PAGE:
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Importance and implications of the occurrence of AV block following radiofrequency ablation
  1. F GAITA,
  3. L CALO
  1. Division of Cardiology Hospital of Asti,
  2. Via Botallo, 4 14100 Asti, Italy
  3. email:

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Radiofrequency (RF) catheter ablation is now a widely used technique for treating cardiac arrhythmias—it is considered as routine first line treatment for most arrhythmias. Although its effectiveness is very high it has a low but definite risk of complications.1 ,2 Complete atrioventricular (AV) block is one of the more common complications. Its importance is raised as many patients with this arrhythmia are young and, should they have AV block, they would need permanent cardiac pacing for a long expected lifetime. AV block may be caused by the delivery of RF energy in the septal region, close to the compact AV node or proximal His bundle in patients with mid or anteroseptal accessory pathways, or in patients with atrioventricular nodal reentrant tachycardia (AVNRT). Septal localisation of the accessory pathways is quite rare and the risk of AV block is balanced by the potential risk of life threatening arrhythmias that patients with Wolff-Parkinson-White syndrome may have. In contrast, it is a major risk for patients with AVNRT considering the benign nature and relatively high incidence of this arrhythmia in the general population.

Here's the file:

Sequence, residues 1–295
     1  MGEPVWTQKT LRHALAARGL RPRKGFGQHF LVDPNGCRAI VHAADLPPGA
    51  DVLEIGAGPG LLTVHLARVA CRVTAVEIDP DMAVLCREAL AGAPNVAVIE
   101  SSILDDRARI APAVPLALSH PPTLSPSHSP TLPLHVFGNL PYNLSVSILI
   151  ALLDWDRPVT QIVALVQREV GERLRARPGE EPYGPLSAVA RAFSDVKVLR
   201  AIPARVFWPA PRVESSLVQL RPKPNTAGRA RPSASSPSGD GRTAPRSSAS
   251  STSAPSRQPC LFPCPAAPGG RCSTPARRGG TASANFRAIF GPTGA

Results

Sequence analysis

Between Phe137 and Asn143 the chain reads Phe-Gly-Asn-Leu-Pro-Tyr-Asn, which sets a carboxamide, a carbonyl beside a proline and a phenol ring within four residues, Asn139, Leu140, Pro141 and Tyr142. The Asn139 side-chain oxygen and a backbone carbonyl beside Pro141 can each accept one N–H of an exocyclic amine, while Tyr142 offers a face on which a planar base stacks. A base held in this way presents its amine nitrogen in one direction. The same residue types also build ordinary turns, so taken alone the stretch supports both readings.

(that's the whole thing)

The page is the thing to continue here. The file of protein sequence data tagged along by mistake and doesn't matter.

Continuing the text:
Electrophysiology of AVNRT

Experimental and clinical studies have demonstrated that AVNRT is caused by a reentry circuit with two functionally and anatomically distinct pathways with different refractory periods and conduction properties. The fast pathway is located in the anterior part of the septum, near the His bundle recording site, while the slow pathway is in the posterior part of the septum near the coronary sinus os. There are three different types of AVNRT. In the typical form, affecting about 90% of patients, the reentrant circuit consists of the slow pathway in the anterograde direction and the fast pathway retrogradely (slow-fast). In the uncommon …

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